Measuring the colors

This step is being repeated constantly during the printing, like every 100 sheets or so. Not only the registration marks are being checked, the supervising table also has an intake fan which holds the sheet while a little color pilot is sliding over the color marks at the bottom of the sheet. It measures the amount of colour that is being used and balances things for best results.

This printing process reminds me of a magicians act. Confusing but it works.

Now, what's really confusing is how the book pages are placed on the sheets. Like I said, there are eight of them on one side of the sheet. As the sheets get folded and cut later, the images are layed out in a different order than they were in the PDF that the printing house had received from me.

They showed me how the sheets get folded and cut, but to be honest, to me this looked like a magician showing a trick. Because one moment later I was still as confused as before. In the end, I figured, it's not important that I understand the process in every detail as long as they know what they're doing.

A printed sheet — confusing, isn't it?

Two days later

We started at seven o'clock in the morning on day one, printing offset plate #13. Printing from the last sheet to the first one. On day two, the sheets from day one were turned on the pallets and the backsides printed onto them. We checked, double-checked, triple-checked that the pages were printed in the right direction and were put together like they should.

For this, a dummy book had been produced in the printing house where they had written page numbers on them, too. Overall, this was the part where I had the most adrenalin rushing through my body, but it turned out that everything was done correctly.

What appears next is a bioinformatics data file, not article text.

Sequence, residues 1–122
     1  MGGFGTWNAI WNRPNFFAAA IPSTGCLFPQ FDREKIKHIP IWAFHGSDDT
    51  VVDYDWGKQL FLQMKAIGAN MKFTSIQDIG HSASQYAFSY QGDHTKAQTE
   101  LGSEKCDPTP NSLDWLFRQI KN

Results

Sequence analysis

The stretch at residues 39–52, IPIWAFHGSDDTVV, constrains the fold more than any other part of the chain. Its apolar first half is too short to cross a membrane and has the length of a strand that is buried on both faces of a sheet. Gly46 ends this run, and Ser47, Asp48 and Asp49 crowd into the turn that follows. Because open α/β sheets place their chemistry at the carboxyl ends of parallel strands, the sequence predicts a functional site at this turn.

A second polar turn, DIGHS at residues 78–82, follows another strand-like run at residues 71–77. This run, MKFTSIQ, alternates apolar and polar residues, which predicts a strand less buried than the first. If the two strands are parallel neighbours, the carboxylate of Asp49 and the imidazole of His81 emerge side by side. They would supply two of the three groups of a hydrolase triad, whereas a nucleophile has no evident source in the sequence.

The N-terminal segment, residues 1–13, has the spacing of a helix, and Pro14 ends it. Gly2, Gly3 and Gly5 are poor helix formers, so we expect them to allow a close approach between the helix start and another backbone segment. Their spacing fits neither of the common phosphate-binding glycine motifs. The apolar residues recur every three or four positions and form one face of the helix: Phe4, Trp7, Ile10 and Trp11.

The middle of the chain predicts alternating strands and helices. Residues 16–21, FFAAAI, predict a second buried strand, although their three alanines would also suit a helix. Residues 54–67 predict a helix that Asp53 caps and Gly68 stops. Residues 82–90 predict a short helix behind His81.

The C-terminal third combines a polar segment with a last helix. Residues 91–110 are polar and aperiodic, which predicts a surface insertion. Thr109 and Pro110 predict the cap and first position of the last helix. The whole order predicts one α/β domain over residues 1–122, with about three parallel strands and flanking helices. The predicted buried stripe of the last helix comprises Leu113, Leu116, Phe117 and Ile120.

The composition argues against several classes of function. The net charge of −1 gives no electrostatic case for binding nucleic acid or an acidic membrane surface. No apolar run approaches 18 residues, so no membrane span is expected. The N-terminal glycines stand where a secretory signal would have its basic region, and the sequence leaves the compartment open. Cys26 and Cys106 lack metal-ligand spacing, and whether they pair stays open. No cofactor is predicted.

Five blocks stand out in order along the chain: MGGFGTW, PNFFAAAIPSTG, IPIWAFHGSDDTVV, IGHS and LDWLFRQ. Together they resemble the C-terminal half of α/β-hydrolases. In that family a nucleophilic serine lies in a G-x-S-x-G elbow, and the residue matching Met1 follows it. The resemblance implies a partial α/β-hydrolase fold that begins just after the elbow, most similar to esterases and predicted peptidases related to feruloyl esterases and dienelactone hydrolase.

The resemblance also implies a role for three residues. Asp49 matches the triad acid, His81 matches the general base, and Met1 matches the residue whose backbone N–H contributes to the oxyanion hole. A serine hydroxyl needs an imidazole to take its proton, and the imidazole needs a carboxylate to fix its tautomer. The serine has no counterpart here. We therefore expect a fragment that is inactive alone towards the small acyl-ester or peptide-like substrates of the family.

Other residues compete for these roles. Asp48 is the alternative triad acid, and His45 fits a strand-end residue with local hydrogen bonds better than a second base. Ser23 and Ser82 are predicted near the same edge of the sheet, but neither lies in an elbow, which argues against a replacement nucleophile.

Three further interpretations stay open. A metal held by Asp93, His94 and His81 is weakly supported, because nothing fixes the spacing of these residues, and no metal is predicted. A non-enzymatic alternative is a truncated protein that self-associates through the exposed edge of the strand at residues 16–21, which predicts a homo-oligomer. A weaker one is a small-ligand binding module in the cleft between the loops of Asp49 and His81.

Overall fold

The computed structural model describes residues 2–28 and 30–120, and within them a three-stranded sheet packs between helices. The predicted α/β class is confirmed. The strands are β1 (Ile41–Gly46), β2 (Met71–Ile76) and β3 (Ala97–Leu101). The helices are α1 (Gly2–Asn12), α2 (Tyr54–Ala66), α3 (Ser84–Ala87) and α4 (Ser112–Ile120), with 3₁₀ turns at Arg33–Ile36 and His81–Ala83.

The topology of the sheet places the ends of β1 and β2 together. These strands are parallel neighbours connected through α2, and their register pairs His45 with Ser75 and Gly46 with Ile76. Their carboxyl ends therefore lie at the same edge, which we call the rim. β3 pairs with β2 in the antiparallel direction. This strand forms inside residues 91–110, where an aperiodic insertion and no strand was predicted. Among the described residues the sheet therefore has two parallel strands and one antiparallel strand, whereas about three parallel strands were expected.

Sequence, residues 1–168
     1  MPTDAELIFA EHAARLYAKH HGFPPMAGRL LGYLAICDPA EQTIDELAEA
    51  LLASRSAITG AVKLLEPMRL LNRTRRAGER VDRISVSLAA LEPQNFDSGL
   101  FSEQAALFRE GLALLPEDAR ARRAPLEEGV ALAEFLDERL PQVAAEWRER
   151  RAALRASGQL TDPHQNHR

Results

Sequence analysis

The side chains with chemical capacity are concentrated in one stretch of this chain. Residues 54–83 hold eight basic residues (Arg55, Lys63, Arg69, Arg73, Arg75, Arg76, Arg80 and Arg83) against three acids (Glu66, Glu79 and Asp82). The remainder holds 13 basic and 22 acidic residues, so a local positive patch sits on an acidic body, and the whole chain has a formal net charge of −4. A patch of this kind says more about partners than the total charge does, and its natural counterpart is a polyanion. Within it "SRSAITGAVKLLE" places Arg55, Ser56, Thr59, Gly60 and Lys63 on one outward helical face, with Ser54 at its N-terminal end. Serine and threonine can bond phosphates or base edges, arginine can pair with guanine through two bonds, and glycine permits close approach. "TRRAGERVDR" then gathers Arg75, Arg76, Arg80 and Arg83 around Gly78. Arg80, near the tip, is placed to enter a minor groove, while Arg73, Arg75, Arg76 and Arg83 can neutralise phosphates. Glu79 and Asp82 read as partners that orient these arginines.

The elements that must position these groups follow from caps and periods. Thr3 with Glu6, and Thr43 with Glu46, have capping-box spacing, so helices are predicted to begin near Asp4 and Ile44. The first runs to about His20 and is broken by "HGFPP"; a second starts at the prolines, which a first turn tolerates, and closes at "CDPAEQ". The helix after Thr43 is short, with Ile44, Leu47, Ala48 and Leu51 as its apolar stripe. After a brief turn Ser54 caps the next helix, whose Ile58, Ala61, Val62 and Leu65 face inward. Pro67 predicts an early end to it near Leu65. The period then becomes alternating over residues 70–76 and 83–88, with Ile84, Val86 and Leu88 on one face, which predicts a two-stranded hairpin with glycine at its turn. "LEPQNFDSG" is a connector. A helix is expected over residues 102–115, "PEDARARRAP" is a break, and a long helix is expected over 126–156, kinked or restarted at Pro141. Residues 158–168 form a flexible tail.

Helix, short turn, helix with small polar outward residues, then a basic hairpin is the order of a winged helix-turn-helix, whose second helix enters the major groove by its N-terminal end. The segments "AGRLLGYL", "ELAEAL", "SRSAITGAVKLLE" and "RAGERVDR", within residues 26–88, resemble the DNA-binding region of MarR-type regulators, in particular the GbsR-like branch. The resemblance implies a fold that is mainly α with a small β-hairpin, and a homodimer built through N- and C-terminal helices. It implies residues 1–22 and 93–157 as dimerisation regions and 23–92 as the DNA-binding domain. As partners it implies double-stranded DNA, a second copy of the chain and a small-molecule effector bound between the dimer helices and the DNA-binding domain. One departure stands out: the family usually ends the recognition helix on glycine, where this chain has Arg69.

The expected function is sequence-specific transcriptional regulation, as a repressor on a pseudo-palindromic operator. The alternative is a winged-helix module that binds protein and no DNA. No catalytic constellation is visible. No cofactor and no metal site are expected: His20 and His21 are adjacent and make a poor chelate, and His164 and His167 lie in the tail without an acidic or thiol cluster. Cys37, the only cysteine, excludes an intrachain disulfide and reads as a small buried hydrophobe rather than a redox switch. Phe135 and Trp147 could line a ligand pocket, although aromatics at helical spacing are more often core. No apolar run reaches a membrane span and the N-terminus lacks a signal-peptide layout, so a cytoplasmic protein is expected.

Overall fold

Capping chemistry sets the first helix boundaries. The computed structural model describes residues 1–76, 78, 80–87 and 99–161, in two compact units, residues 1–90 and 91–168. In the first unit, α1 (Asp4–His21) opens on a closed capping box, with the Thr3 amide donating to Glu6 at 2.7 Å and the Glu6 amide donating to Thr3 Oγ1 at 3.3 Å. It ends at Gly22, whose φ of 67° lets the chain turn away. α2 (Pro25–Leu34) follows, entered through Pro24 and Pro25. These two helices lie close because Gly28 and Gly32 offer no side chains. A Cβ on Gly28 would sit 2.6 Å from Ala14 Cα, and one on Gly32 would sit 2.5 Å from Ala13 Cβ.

One of the finished stacks of paper sheets

I did my best, not to stand in the way and even tried to be of use at some points, like making sure the caffeine level of the workers was ok anytime. I bow down to the print workers and from the bottom of my heart, I truly value their craftsmanship. It is amazing what those people are providing. And also to see their expertise and years of experience.

They were sometimes seeing things on a large printing sheet that I had not noticed. And I already have a highly visual perception as a photographer. Thumbs up, it was incredible to have joined the days in the printing house and to see them work.

After two full days, we called it a wrap. Uncut book sheets rested on several pallets to wait for their transport to the bookbinder. And the covers will get partially treated with UV varnish. The lettering "Sublime" will have this subtle effect, like with my last book. Then the cover will get glued to cardboard to become a hardcover.

What's next?

Bookbinding is another craftsmanship. It takes around six weeks until they will be done with it, because it is a process where a lot of manual work is involved. When you have paperback books, this step is a lot easier. But with a coffee table book like mine – due to its size – there aren't too many companies left in Germany that can do it. Luckily, there's one in the Rhine-Main area and they take care of the bookbinding now.